Diversion Authority board seeks to end lawsuit that stalled flood project
FARGO — The Metro Diversion Authority Board authorized its lawyers to work to resolve the lawsuit that halted construction of the massive flood protection project — a setback that forced officials to come back with a significantly revised project that now has the approval of Minnesota regulators.
The unanimous action to seek an end to the lawsuit came on Thursday, Jan. 3, after the board met in executive session with its lawyers to discuss a path to end the litigation.
The board’s move came after the Minnesota Department of Natural Resources last week granted a major permit that enables the $2.75 billion diversion project to proceed.
In 2017, in a lawsuit brought by upstream opponents of the diversion, North Dakota’s Richland County and Minnesota’s Wilkin County, U.S. District Judge John Tunheim granted an injunction to halt the project. One of the judge’s reasons: Minnesota had not given a permit for the project.
As a result, the governors of Minnesota and North Dakota formed a joint task force that came up with recommendations that led to a significantly altered project, which shifted more of the impacts from Minnesota to North Dakota.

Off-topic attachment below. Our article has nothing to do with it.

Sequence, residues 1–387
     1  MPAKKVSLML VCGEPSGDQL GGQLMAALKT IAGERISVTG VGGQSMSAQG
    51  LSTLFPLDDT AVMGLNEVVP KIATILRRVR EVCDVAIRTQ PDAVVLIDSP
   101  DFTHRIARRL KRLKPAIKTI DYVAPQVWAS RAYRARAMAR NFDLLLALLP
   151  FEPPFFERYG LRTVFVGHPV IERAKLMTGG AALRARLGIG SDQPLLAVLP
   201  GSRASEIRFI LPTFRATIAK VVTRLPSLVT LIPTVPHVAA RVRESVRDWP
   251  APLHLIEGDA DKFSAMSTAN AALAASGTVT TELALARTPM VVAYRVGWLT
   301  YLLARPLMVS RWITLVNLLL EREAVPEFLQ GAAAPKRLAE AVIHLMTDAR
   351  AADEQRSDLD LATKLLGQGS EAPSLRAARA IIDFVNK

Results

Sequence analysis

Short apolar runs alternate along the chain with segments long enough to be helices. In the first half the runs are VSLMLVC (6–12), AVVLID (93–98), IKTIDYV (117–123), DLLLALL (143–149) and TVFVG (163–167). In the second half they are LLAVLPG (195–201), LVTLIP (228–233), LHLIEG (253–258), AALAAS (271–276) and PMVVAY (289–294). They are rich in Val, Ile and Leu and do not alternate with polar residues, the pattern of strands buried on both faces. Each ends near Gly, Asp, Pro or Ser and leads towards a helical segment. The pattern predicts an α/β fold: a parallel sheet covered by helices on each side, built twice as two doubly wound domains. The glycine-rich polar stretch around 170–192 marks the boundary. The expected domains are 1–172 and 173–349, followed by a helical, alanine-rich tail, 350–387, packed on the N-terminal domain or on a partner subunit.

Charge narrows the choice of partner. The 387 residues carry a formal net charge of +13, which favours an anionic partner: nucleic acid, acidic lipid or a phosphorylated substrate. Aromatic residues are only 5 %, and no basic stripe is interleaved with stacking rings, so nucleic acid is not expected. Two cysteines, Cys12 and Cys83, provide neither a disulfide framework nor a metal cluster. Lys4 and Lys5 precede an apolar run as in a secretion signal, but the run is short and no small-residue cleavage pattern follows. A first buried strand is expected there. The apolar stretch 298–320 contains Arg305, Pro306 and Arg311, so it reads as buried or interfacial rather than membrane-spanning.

The permit for the revised project, called Plan B, comes with more than 50 conditions that still will have to be met, and more permits will be required.
“That injunction is against Plan A, and since we have a permit for Plan B, it’s almost moot,” said Fargo Mayor Tim Mahoney, a Diversion Authority board member. “We have a permit in hand.”
The authority board is directing its lawyers to work with the Minnesota DNR to resolve the lawsuit with the hope that major construction can resume this spring. Ending the lawsuit also will help put an end to the uncertainty facing property owners whose property will have to be acquired for the project, Mahoney said.
“Everybody has an idea where we’re at now,” he said, referring to the clarity that comes from having the permit from Minnesota to allow construction of the dam that will temporarily hold back water to regulate flows through the diversion channel, which will split the flows of the Red River in extreme floods.
Mahoney said the Diversion Authority welcomes input from upstream communities as it works to mitigate impacts from the project.
“What we did today is a really positive step,” said Kevin Campbell, a Clay County commissioner and authority board member. “We see no reason for there to be any lawsuits.”